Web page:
Edward Osborne Wilson is an American biologist, researcher, theorist, and naturalist. Wilson is known for his career as a scientist, his advocacy for environmentalism, and his scientific humanist ideas concerned with religious, moral, and ethical matters. He is the Pellegrino University Research Professor in Entomology for the Department of Organismic and Evolutionary Biology at Harvard University and a Fellow of the Committee for Skeptical Inquiry. He is a Humanist Laureate of the International Academy of Humanism.

Also, the Linnean Society has pdfs of their newsletter The Linnean here!

Linnaeus’ ‘Systema Naturae’ on Display

Linnaeus’ personal copy of his Systema Naturae (1st edition, 1735), an important document for the emergence of taxonomic classification of living organisms, was put on display at two American locales to celebrate the 300th anniversary of Linnaeus’ birth (see this link for posts with Linnaeus celebration information). First, it was on display at the New York Botanical Garden from November 8-10, including some talks, one with Edward O. Wilson. Then it went to the Smithsonian’s National Museum of Natural History from November 13-14 as “A Tribute to Carl Linnaeus,” part of a symposium, “Three Hundred Years of Linnaean Taxonomy.” The blog of the Biodiversity Heritage Library (BHL) originally posted on this, and digitized versions of Systema Naturae are available at the BHL or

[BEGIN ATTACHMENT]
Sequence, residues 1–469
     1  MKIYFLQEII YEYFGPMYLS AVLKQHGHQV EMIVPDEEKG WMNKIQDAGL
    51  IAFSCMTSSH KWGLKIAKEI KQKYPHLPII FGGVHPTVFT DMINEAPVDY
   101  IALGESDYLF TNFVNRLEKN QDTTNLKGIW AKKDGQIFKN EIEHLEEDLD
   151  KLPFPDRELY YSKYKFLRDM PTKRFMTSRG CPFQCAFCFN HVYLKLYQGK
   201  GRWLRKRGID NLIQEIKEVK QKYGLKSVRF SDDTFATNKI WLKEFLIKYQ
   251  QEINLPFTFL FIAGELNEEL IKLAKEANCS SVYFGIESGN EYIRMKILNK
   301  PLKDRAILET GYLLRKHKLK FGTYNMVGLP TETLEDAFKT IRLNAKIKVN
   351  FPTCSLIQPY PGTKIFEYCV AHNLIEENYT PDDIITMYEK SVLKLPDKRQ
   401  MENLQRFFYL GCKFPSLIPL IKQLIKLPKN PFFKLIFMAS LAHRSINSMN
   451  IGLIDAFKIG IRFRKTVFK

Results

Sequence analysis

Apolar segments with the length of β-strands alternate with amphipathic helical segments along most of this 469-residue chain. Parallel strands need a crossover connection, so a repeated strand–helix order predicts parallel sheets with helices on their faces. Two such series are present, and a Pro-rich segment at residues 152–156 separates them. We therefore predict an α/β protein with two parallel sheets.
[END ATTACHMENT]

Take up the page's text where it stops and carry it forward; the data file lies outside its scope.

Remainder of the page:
Also, a copy of Systema Naturae was recently sold by the Royal College of Physicians in Edinburgh through Christie’s. More at PhiloBiblos, Antiquarian Book News, the Evening News, and the Edinburgh Paper. And Science magazine’s Gonzo Scientist writes of Linnaeus’ culinary work.

Died This Day: Otto Brunfels, German botanist and a "Father of Botany"

From Today in Science History:

Otto Brunfels, Died 23 Nov 1534 (born c 1488) German botanist, considered by Carolus Linnaeus to be one of the founders of modern botany. His Herbarum vivae eicones (1530-36) was the first of the great printed herbals. It has been stated that his work may be considered as a link between ancient and modern botany. He adopted the ancient classification of plants as woody and herbaceous. Brunfels rejected the alphabetical sequence of genera in favor of an association based on agreement in medicinal value but he gave no thought to the nomenclature of species. The illustrations were lifelike and not copies from earlier herbals. The plants were drawn from nature by Hans (II) Weiditz, using live models rather than earlier drawings.

Studies in History and Philosophy of Science (Biology)

Latest issue of Studies in History and Philosophy of Science Part C: Studies in History and Philosophy of Biological and Biomedical Sciences is out. Table of contents are here. Papers on Linnaeus, Darwin, Wallace, and Mendel, among others. They appear to be freely downloadable at the moment.

Collection and collation: theory and practice of Linnaean botany
Staffan Müller-Wille